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What defines Tokyo-style Sushi? Sasabune, Echigo, etc.

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What defines Tokyo-style Sushi? Sasabune, Echigo, etc.

jujubee | Jan 3, 2004 06:54 PM

We've been to Echigo a half-dozen times. These were our first experiences with "Tokyo-style" sushi. Sometimes we'd choose off the sushi board or the list, other times we'd go omakase. I am not super-experienced, but the main thing I noticed was that there was a focus on rich, buttery, tender fish (hamachi, salmon, hirame) and various types of tuna. I liked the ponzu sauce that came already on some of the nigiri, with instructions not to dip further in soy sauce and wasabi. The chef is nice enough to include things you love in your omakase if you ask and if he's got 'em - I can't go without ikura and uni, and both are spectacular at Echigo. Each meal ended with a crazy-delicious crab hand roll featuring warm rice, cold crab rolled up thick in crispy, smoky nori.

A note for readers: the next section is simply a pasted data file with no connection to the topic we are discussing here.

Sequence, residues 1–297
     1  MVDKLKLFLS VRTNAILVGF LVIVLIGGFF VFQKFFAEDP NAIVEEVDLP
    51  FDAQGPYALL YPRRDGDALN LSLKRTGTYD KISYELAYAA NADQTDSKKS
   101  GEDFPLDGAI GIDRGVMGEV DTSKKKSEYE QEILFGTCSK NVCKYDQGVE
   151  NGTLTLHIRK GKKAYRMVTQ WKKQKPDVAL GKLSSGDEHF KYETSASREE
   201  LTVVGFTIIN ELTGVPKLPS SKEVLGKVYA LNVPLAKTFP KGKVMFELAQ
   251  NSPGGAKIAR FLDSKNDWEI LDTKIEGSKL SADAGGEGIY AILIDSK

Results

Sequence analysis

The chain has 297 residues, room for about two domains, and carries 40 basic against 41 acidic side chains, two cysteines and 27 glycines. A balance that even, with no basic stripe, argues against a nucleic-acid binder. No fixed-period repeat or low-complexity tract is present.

Last night we went to Sasabune for the first time. We went omakase. We were pleased with the portions and the freshness of the fish, service was smooth. Much to my surprise, the meal was VERY similar to Echigo. That is to say, same focus on buttery fish and even the same (but not quite as good) crab hand roll at the end! (They charged extra for my requst for ikura and uni, which was a bit of a bummer... but I know, I know... omakase.)

Educate me, Chowhounds! Is it a coincidence that the meal was so similar? IS this Tokyo-style - the crab roll at the end, etc? Or is one of these restaurants copying the other? What defines Tokyo style?

If this IS Tokyo-style, I would say that one thing I miss from "regular" sushi (is there such a thing? or are we used to a certain regional style?) is a bit more variety in fish texture: ika, ama ebi, tobiko, mirugai... but maybe these items ARE included in Tokyo-style and these 2 restos are doing a certain style thing or a seasonal thing?

Thanks for your knowledge in advance!

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